While most reviews made use of univariate statistics, such as Cochran’s Q test (chisquare test) and I^{2}, the use of these statistics should be at least be questioned, if not discouraged, as they cannot separate out variability due to the threshold effect [3]. A bivariate analog to the I^{2} has recently been developed, however research and guidance on its use in reviews on diagnostic tests is needed [15, 16]. The recommended hierarchal bivariate models provide insight into variability beyond that which can be explained by the threshold effect. In particular, the bivariate random effects model enables the calculation of the conditional betweenstudy variances (i.e., the variance in specificity at a fixed value of sensitivity and vice versa). When there is a threshold effect (i.e., correlation), the conditional betweenstudy variances will be smaller than the betweenstudy variances from two separate univariate analyses of sensitivity and specificity.
Only about one third of the metaanalyses in this review performed the widely recommended analysis method of choice, a bivariate random effects model or the hierarchical summary ROC approach [3, 11]. There are situations when it is not possible to use such a model, such as when there are very few primary studies, as well as situations in which researchers may only be interested in one accuracy measure. However, the low percentage of metaanalyses using a hierarchical bivariate random effects model argues for the need for more guidance on the implementation and interpretation of such models.
There is room for improvement in the way that variability is quantified and reported in metaanalyses of diagnostic studies. Although a large portion of the quantification of variability is currently subjective because methods for quantification in reviews of studies on diagnostic test accuracy are under development, defining what one considers to be a significant amount of variability and reporting the results of the quantification of variability enhances the readers the ability to interpret the results. Review authors should also offer explanations of what these metrics mean and what the practical implications may be of the amount of variability observed.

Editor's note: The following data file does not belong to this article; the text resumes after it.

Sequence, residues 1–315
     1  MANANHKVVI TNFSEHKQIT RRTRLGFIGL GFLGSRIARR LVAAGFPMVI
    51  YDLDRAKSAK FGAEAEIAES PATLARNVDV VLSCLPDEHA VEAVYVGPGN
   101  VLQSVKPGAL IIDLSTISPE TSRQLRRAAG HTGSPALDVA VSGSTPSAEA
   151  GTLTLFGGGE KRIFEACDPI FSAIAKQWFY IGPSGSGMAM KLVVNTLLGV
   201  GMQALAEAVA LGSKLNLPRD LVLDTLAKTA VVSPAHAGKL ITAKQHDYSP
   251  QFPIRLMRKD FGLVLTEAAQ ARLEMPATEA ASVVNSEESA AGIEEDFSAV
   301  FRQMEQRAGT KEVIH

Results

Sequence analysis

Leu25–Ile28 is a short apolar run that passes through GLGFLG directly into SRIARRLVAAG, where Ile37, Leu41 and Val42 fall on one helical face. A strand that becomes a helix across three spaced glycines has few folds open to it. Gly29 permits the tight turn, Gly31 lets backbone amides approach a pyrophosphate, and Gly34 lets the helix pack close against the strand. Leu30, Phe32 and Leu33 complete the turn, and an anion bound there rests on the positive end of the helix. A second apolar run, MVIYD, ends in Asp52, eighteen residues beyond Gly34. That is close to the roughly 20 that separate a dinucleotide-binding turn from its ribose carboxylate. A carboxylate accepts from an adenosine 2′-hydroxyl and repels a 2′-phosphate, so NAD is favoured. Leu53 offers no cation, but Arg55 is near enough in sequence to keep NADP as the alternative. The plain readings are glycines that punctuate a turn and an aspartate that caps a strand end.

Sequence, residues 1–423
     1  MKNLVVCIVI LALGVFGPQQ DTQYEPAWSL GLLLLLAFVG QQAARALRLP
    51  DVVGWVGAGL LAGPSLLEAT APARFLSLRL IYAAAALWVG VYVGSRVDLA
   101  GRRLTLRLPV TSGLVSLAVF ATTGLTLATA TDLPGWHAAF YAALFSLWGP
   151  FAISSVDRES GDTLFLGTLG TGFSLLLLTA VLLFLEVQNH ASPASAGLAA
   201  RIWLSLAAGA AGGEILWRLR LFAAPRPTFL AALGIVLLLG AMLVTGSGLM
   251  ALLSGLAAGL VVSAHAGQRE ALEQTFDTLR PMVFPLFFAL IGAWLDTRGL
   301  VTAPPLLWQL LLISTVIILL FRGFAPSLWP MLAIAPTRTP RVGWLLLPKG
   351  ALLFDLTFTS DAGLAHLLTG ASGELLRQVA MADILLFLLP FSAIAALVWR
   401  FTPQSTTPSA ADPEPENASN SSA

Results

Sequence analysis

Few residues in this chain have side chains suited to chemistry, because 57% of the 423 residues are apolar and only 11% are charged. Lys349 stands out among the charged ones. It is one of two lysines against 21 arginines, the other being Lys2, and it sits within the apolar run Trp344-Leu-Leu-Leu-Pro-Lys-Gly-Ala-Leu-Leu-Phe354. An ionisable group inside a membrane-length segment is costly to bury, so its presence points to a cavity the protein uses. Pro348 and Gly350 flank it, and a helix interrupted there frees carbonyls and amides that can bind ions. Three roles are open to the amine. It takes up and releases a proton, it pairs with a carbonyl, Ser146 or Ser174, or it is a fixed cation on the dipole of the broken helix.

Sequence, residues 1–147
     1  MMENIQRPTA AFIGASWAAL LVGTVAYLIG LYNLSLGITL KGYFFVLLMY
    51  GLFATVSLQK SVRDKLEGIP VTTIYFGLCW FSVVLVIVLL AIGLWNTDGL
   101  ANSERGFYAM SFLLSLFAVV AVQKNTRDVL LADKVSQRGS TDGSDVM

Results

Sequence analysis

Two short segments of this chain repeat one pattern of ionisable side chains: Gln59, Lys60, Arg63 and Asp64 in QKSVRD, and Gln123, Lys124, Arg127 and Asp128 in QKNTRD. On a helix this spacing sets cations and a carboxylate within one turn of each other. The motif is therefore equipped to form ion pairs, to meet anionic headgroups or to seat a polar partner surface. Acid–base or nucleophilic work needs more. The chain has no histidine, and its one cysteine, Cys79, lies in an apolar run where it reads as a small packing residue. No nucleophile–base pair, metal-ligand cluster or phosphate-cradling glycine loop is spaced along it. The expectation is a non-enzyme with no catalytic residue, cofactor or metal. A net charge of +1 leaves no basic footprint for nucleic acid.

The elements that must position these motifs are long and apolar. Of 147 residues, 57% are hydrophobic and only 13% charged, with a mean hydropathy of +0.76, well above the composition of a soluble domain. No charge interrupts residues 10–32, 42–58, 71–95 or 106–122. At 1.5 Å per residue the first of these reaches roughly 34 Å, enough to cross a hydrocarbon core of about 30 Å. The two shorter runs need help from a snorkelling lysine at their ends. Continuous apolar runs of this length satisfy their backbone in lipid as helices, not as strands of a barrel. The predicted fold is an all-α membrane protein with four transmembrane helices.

Comparison with other literature
As the field of metaanalyses is rapidly developing, it is difficult to compare our findings directly to those from existing metaepidemiological research on reviews of diagnostic studies [1, 13]. The I^{2} was introduced in 2002 and the bivariate random effects model for sensitivity and specificity was introduced in 2005 [9]. Compared to prior reviews, our review found that the use of Cochran’s Q test remains high and that the I^{2} is now also commonly used alongside it. While the use of bivariate random effects metaanalyses is increasing [2], our review found that the between study variances (τ^{2}s) that are estimated from this approach are not always reported and the prediction regions are rarely reported.
Strengths and weaknesses of this review
While our review contains a relatively small set of systematic reviews published within a short timeframe, we do not think that this is a major weakness. As there have been many advances in reviews on diagnostic tests since the existing reviews on this topic were performed, our review, which contains a recent set of publications, is still highly relevant for current practice. Additionally, while our search strategy could have missed some relevant reviews, we think that the representative sample of over 50 reviews was enough to obtain theoretical saturation. In other words, that including more reviews would not have significantly changed our conclusions [17]. A limitation of this review, which is true for any review on methodology, is that we observed only what authors reported having done, not what they actually did.
Initial guidance
While a high level of importance was generally given to the quantification of variability, as can be seen by the high frequency with which it was mentioned in the prominent sections of the paper, there is room for improvement. There is a need for formal guidance on the quantification of variability in metaanalyses of diagnostic studies. Below we provide an outline of what such guidance may look like, focusing on the bivariate random effects model framework (Fig. 1).

I.
Visualize total variability in sensitivity and specificity by presenting the data in forest and ROC plots, preferably showing the precision of the estimates using crosshairs or by varying the size of the points.

II.
Judge whether there is more variability in sensitivity and specificity than could be expected due to chance alone through visual inspection of the data. While Cochran’s Q test facilitates this judgment in metaanalyses of univariate outcomes, no such analogue has been developed for the bivariate diagnostic setting to our knowledge. Such test(s) could detect beyondchance variability around a summary point or around a curve in ROC space. For now, visualizing results in ROC space may help determine which hierarchical bivariate random effects model to use (the bivariate random effects model which focuses on estimating a summary point or the HSROC which focuses on estimating a summary curve). Additionally, if the hierarchical bivariate model fails to converge or provides unreliable estimates (as is often the case when there are few studies or sparse data due to extreme sensitivity or specificity), observation of the data on the plot can guide decisions on how to simplify the analyses [18].